When it comes to dining out or grocery shopping, Muslims living in the West and other parts of the globe struggle a little more than Muslims Halal in the Gulf region. When I’m in Jeddah, I hardly ever or hardly ever look at the ingredients list to check for illegal ingredients like rum, wine, lard, pork, or anything connected to pork. In Saudi Arabia, you can choose your food items off the shelf at the grocery shop without giving it a second thought if they contain ingredients that are prohibited by Islam.
Many chocolate truffles in the West contain rum, which contains alcohol, contrary to what you might anticipate. Travelers who enjoy chocolate should exercise additional caution.
Muslims should exercise caution when choosing the foods, they consume as well as when taking vitamin supplements. Did you realize that gelatine is a common ingredient in vitamin supplements? Did you also know that the gelatine in these vitamins is almost certainly manufactured from pork if they are produced in the West?
Chris Daniels, a nutrition and health writer for the San Francisco Gate, says that gelatine is a protein extract from the collagen present in animal connective tissue. All types of gelatine are made from pulverized bones and skin from cows, pigs, or fish. Boiling the bones, ligaments, and tendons of creatures like hogs, cows, and calves produces gelatine.
Since gelatine has no flavor or smell and is simple to digest, it is the perfect material for encapsulating vitamins. Vitamin capsules, gummy vitamins, and soft-gel vitamin tablets like Vitamin D all contain gelatine. When you purchase vitamins with gelatine capsules, the ingredient will be mentioned on the bottle or package; if neither Kosher nor Halal certification is stated, the gelatine is almost certainly from pork.
Pig skin, also known as pork skin, is one of the main sources of edible gelatine in the United States, whether it is used to make processed meats, candies, Jell-O, other treats, or vitamin supplements. These pork skins would typically be thrown away as food refuses at meat-processing plants. Instead, the skins are stripped of fat and hair and transported frozen to a facility where the skins’ collagen protein is extracted and converted into gelatine.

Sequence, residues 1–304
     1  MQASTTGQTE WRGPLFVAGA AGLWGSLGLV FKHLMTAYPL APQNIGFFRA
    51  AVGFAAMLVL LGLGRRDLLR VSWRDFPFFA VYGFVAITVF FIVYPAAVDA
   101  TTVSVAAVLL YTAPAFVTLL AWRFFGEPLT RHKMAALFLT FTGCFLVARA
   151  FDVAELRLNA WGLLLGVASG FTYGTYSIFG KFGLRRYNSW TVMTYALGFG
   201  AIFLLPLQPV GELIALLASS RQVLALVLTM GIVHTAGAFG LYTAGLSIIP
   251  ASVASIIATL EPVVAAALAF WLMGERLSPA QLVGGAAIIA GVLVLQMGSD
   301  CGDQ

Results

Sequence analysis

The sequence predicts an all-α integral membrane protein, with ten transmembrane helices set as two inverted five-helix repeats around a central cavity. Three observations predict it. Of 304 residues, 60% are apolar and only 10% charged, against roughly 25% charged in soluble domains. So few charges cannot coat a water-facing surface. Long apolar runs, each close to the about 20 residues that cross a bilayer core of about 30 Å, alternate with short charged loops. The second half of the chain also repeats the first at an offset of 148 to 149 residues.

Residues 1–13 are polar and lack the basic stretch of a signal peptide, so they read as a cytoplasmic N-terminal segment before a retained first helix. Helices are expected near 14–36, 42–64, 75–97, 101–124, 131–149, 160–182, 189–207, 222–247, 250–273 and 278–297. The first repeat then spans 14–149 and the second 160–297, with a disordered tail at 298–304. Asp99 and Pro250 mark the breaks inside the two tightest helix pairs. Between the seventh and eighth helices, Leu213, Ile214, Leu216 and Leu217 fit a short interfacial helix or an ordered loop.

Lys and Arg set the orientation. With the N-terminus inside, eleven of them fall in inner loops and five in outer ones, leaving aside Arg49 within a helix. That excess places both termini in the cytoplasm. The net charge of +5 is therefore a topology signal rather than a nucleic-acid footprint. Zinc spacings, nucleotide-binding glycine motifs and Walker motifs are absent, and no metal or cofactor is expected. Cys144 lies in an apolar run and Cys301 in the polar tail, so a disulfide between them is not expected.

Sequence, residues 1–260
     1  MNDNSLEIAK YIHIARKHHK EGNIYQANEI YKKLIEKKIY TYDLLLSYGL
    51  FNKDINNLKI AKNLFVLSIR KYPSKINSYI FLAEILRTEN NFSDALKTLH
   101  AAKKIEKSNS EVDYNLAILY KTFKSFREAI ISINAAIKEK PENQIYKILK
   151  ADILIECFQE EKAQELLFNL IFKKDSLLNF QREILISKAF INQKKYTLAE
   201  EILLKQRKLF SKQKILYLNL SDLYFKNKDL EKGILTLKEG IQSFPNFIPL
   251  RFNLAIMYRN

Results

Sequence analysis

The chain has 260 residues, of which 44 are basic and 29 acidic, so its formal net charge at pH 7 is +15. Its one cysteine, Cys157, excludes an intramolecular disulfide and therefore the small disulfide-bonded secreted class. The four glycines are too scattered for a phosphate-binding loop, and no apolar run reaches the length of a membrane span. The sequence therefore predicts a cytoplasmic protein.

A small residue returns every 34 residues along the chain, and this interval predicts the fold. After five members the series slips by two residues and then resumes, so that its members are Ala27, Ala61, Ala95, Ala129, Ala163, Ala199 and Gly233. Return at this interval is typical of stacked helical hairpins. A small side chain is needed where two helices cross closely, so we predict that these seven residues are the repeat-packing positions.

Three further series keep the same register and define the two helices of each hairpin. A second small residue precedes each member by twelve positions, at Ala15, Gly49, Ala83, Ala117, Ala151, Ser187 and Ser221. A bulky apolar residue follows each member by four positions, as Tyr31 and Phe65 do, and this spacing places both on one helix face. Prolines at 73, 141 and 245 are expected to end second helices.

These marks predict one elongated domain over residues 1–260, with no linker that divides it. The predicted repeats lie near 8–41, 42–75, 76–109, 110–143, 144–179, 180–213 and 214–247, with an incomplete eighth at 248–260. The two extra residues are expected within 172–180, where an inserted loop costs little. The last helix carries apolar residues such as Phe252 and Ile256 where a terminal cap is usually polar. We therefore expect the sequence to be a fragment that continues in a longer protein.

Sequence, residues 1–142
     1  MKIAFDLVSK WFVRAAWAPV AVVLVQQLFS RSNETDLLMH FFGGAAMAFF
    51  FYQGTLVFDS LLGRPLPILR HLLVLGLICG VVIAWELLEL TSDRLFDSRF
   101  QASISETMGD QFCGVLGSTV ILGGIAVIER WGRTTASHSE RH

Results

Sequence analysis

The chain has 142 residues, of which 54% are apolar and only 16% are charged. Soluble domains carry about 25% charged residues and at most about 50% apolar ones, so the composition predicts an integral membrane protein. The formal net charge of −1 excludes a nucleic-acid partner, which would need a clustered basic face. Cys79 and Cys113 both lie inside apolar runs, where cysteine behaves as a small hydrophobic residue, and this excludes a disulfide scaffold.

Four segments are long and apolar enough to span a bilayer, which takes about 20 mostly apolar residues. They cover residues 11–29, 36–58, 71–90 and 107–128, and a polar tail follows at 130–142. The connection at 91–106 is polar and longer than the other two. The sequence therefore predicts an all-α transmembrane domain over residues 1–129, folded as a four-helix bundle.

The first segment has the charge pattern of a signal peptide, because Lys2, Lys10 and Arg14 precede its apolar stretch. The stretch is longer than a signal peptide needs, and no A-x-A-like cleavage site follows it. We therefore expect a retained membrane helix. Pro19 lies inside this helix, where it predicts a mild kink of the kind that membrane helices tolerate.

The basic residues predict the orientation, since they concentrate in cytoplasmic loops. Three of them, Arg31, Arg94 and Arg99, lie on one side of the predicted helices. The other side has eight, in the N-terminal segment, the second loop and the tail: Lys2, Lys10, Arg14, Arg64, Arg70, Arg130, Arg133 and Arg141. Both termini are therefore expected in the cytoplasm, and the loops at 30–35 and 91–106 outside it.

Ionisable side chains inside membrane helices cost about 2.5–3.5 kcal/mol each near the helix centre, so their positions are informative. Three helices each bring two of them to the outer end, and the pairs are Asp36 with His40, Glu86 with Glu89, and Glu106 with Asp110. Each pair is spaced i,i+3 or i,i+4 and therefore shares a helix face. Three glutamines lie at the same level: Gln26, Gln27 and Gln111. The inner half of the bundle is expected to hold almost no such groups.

Some businesses create gel capsules for vitamins that use a vegetarian gelatin substitute, but you must make sure the source of the gelatin is disclosed on the packaging. Agar-agar and carrageen, which are made from various types of algae, are vegetarian substitutes for gelatin that are also acceptable to Muslims.
Another preference, which is more widely accessible, is to buy halal vitamins, which are free of meat or products derived from pork, as well as any other prohibited ingredients. A growing number of businesses are creating halal-certified vitamins, indicating that an independent organization has conducted an inspection and determined that all parties engaged in creating the dietary supplement adhere to Islamic dietary laws.
Foods that have received the halal certification display a particular seal or sticker to show that they have undergone independent inspection and approval.